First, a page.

Attention Deficit Hyperactivity Disorder (ADHD) in Teens

  • Medical Author:
    John Mersch, MD, FAAP

    Dr. Mersch received his Bachelor of Arts degree from the University of California, San Diego, and prior to entering the University Of Southern California School Of Medicine, was a graduate student (attaining PhD candidate status) in Experimental Pathology at USC. He attended internship and residency at Children's Hospital Los Angeles.

  • Medical Editor: Roxanne Dryden-Edwards, MD
    Roxanne Dryden-Edwards, MD

    Roxanne Dryden-Edwards, MD

    Dr. Roxanne Dryden-Edwards is an adult, child, and adolescent psychiatrist. She is a former Chair of the Committee on Developmental Disabilities for the American Psychiatric Association, Assistant Professor of Psychiatry at Johns Hopkins Hospital in Baltimore, Maryland, and Medical Director of the National Center for Children and Families in Bethesda, Maryland.

How do health-care professionals diagnose ADHD in teens? Are there ADHD tests?

Primary to establishing a diagnosis of ADHD is the demonstration of symptoms detailed in the criteria of the DSM-V. Collecting information from both parents and teachers is crucial. Various rating scales (for example, Connors Scales) are objective and efficient to complete. Part of the evaluation for an individual for potential ADHD involves a thorough search for other associated (but not causative) disorders including (but not limited to) learning disorders, mood disorders, and more. By definition, it is crucial to exclude other causes of the ADHD symptom complex. This umbrella may include: 1) adverse effects of medication, 2) mental deficiency, and 3) psychiatric disorders (for example, depression, anxiety, substance abuse, posttraumatic stress disorder).

What are the symptoms of ADHD in teens?

Several of the behaviors displayed in childhood ADHD carry through to the teen and even adult years. The manifestations may be more subtle and/or "hidden" due to the more mature coping mechanisms as well as the need to adapt to the expected behavior society demands with more advanced age. Studies have noted the following list of potential symptoms for adolescent ADHD patients:

  1. Lack of focus: easy distractibility, overlooking details, not completing projects/assignments
  2. "Hyperfocus": intense focus that excludes similarly timed tasks or other individuals to the detriment of the ADHD sufferer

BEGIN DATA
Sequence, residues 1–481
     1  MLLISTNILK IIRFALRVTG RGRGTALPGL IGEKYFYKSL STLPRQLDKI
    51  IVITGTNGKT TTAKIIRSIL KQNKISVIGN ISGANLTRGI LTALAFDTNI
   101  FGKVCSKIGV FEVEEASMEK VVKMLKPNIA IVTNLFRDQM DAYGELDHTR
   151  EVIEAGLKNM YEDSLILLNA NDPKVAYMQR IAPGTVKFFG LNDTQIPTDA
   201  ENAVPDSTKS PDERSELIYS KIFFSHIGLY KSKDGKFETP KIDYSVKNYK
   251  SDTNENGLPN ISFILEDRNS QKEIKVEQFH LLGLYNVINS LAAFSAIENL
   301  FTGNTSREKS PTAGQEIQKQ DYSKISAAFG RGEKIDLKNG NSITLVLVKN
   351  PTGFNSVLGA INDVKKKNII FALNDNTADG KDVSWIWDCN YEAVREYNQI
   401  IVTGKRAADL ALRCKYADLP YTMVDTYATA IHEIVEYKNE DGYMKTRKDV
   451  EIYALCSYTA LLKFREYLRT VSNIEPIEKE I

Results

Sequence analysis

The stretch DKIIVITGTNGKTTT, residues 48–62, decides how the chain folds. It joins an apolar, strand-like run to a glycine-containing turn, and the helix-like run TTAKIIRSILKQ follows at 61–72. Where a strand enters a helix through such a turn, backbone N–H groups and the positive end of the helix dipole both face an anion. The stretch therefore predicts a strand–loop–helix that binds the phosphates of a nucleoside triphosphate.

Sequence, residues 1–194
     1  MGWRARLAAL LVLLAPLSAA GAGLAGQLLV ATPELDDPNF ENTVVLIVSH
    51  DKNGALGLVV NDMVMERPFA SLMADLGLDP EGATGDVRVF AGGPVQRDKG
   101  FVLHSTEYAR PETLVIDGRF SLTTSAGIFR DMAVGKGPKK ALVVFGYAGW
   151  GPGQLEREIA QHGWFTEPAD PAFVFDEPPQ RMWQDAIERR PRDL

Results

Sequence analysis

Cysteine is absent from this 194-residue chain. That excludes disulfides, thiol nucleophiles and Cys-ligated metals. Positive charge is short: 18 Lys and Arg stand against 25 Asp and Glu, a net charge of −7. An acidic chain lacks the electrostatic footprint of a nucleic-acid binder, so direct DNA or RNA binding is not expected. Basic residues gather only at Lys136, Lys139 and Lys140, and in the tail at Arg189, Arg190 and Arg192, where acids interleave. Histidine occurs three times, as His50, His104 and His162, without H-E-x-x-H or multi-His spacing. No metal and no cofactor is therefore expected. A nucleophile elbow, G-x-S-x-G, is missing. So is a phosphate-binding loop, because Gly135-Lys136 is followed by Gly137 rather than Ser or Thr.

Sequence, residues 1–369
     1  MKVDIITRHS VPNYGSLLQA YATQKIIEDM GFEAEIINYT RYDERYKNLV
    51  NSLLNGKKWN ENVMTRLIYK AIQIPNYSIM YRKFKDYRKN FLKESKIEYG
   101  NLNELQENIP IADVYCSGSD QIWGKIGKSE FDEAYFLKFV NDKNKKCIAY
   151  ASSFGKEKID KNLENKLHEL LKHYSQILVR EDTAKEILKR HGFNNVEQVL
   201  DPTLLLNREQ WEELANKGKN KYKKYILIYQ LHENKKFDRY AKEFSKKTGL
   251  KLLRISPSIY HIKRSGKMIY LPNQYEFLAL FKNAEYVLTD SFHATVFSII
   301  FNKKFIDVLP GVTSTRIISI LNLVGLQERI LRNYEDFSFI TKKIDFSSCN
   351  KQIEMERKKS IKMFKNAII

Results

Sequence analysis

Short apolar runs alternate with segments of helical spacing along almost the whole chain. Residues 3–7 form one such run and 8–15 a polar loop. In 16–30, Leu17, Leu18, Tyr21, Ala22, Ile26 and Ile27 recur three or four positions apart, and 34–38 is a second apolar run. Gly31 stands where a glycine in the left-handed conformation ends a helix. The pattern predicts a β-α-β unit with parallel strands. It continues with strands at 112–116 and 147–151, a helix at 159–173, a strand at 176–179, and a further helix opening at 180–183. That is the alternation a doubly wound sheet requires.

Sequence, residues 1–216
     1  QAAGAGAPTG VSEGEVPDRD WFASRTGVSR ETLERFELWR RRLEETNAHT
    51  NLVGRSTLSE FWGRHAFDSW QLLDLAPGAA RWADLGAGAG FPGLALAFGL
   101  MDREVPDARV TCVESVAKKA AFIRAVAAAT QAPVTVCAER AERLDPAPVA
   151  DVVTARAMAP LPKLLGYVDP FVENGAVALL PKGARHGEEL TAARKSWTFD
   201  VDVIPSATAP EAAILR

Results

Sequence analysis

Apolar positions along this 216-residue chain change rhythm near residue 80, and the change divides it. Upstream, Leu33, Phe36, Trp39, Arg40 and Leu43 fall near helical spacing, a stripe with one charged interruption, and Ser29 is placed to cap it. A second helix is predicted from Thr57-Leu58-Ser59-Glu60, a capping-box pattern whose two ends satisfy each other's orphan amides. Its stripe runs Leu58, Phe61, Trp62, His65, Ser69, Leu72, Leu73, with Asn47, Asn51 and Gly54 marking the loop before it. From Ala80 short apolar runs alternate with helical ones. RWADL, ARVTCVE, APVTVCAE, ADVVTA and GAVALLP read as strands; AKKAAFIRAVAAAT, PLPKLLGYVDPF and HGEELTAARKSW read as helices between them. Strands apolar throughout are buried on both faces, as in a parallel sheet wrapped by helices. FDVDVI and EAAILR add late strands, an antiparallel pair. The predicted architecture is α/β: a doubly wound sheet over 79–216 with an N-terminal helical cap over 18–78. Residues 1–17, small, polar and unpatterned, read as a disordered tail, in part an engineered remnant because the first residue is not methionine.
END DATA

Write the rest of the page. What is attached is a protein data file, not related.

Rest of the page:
3. Disorganization: procrastination, lateness, and difficult prioritizing
  4. Forgetfulness: may be misinterpreted as carelessness or lack of investment
  5. Impulsivity: interrupts conversations, performs socially inappropriate behaviors, and ignores consequences of acts
  6. Emotionalism: irritability and/or broad mood swings
  7. Poor self-image: may be hypercritical and hold self to unreasonably high standards
  8. Lack of motivation: coupled with procrastination and poor organizational skills leads to major problems at home, work, and school
  9. Physical restlessness: taps toes, plays with pens/pencils, clears throat recurrently, and becomes bored easily

Besides the obvious and expected academic and social problems these behaviors may engender, there is other "fallout" which may have even more severe consequences. These include the following:

  1. Risk for car accidents: The combination of self-ordained teenage invincibility coupled with trouble focusing, impatience, excessive impulsivity, risk taking, and thrill-seeking behaviors underscore why ADHD teens are two to four more times likely to have an automobile accident than their non-ADHD affected peers.
  2. Alcohol consumption: Teens with ADHD are more likely to engage in drinking as well as drinking excessively. Several studies have documented that such teens are twice as likely to have drunk to excess (passed out) in the last six months as non-ADHD affected adolescents.
  3. Illicit drugs: Teens with ADHD are more likely to abuse other than marijuana than teens not experiencing ADHD.
Medically Reviewed by a Doctor on 10/22/2015
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